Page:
PDF | On Mar 1, , Jenna Hanchey and others published Review of Globalectics: Theory and the Politics of Knowing by Ngũgĩ wa Thiong’o. Globalectics: Theory and the Politics of Knowing By Ngũgĩ wa Thiong’o New York : Columbia UP, , pp – Volume 1 Issue 2 – Oliver. Globalectics: Theory and Politics of Knowing, Ngũgĩ wa Thiong’o, New York: The four essays gathered in Globalectics focus on the legacy of.
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Theory and the Politics of Knowing.
In the Name of the Mother: Reflections on Writers and Empire. He began his career as a writer in the s and, through his criticism, became a leading advocate for a critical rethinking of the legacies of colonial domination and its accompanying epistemologies.
e Book Review – Ngugi
Beginning in the early s, as part of his advocacy for African languages and literatures, he began writing in Gikuyu—a position and process outlined in the canonical collection, Decolonizing the Mind: The Politics of Language in African Literature This is especially the case in the choice of the material discussed: In the piece on African cinema, for example, the most recent film discussed is from and Ngugi makes only brief reference to the rise of Nollywood and video production, leaving out the proliferation of knoiwng technologies that are reshaping cinema around the globe.
Proposed as a diversifying corrective to dialectics, globalectics: The spatial metaphor of the globe—in which, Ngugi writes, all points are equidistant from the center—allows him to gesture beyond a specific geographical or historical context. The globe here stands globalectixs a radical reorganization of epistemological frameworks, and this makes possible the location of so-called ephemeral forms of knowing including orature and performance at the center of world literature and culture.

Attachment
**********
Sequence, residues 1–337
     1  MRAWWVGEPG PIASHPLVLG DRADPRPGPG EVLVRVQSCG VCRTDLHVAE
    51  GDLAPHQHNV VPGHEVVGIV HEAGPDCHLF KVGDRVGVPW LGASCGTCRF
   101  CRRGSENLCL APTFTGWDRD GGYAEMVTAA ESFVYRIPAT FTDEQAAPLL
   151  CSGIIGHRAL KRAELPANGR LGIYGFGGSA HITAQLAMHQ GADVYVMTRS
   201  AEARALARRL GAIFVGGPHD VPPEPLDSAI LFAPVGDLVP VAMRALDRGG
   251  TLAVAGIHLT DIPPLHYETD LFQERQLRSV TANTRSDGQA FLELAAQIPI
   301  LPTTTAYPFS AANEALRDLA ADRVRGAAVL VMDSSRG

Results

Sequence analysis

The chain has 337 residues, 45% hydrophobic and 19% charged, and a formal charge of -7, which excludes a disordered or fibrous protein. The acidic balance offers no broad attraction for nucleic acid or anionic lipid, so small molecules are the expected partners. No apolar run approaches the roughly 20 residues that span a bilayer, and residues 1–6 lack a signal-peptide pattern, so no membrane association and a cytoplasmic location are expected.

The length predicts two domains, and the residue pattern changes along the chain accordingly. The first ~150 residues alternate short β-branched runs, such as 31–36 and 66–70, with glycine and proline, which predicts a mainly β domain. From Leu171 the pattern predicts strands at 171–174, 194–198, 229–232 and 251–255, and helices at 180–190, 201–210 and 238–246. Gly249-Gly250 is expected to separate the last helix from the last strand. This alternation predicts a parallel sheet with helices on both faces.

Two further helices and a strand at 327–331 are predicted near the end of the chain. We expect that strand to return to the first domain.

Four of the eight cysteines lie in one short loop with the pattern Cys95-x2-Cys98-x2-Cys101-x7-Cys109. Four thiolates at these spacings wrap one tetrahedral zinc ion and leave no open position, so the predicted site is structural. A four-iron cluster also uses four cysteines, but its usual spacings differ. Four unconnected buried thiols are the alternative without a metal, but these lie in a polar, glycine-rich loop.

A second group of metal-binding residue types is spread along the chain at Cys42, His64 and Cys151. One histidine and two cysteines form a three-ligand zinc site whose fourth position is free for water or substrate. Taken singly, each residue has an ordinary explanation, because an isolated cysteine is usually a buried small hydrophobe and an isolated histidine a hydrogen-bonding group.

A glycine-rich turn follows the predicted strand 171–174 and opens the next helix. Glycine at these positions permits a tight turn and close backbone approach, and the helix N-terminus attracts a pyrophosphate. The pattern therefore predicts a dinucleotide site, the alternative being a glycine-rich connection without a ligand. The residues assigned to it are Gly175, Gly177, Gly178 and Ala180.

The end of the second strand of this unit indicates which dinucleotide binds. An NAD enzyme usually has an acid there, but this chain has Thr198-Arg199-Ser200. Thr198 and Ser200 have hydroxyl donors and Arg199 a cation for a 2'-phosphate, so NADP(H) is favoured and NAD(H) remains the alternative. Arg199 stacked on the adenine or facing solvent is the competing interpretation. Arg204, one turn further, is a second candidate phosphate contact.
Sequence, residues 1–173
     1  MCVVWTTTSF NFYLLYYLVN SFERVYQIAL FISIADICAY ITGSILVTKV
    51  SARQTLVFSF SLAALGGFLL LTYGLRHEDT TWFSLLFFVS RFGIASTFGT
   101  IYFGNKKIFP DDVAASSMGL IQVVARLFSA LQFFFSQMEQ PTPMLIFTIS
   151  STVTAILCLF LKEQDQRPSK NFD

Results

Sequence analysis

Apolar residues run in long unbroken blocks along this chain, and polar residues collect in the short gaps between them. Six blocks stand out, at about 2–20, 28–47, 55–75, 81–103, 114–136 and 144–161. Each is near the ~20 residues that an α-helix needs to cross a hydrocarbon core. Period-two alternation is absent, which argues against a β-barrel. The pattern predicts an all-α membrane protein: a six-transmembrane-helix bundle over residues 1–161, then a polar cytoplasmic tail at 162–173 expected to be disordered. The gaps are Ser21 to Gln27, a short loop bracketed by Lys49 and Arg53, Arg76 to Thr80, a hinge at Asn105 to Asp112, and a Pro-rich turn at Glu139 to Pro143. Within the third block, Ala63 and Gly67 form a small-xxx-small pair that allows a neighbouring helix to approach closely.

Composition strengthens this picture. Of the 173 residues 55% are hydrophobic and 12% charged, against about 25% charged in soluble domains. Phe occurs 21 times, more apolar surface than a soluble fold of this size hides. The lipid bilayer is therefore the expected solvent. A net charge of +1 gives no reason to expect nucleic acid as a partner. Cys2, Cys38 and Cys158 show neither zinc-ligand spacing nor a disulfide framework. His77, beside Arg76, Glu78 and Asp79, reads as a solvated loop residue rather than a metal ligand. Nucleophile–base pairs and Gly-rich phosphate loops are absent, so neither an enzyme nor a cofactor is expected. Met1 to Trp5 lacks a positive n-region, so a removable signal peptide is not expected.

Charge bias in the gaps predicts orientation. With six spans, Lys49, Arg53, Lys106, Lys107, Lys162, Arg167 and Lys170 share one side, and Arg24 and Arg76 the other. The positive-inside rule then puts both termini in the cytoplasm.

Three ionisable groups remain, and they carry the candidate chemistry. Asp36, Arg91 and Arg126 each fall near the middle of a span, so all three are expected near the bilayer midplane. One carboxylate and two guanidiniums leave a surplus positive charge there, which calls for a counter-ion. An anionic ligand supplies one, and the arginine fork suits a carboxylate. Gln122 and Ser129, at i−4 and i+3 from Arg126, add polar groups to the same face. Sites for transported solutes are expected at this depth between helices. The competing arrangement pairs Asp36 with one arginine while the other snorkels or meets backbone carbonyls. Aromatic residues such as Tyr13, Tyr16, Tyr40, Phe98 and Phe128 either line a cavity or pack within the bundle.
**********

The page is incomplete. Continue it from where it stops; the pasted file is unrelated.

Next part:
While the language used to define globalectics at times approaches the mystical, at its core there is a call for a critical self-consciousness.
As Ngugi writes a little later, globalectics calls for letting the act of reading become a process of critical self-examination It is, ultimately, a reading practice for which the essays in this collection function as a performative example. A key connecting thread that runs through the essays in Globalectics is the story of the proposal, made by Ngugi and fellow faculty members inthat the English Department at the University of Nairobi be replaced with a Department of Literature. But it remains unclear how exactly we might distinguish austerity or simplicity in ornamentation from elisions or oversights.
But there are also instances in which explicit engagement with certain critics and critical discourses might have enriched the argument. It remains to be seen where Ngugi and others will take globalectics. Globalectics may find its practitioners in contemporary conversations on world literature, but I would suggest that it might be equally—if not perhaps more—valuable to scholars working on national or regional traditions as a tool for thinking differently about the inside and outside of those corpuses.
GLOBALECTICS – Ngugi wa Thiong’o
Unmasking the African Dictator. She is also the guest editor for a forthcoming issue of the journal The Global South. From now on it is Gikuyu and Kiswahili all the way.
This detention proved a turning point. In the years that followed, he became a leading advocate for writing in African languages. Dossier pedagogical notes from the decolonial cracks Catherine Walsh decolonizing the gesture of friendship between indigenous nations Dot Tuer exhibiting the decolonial option: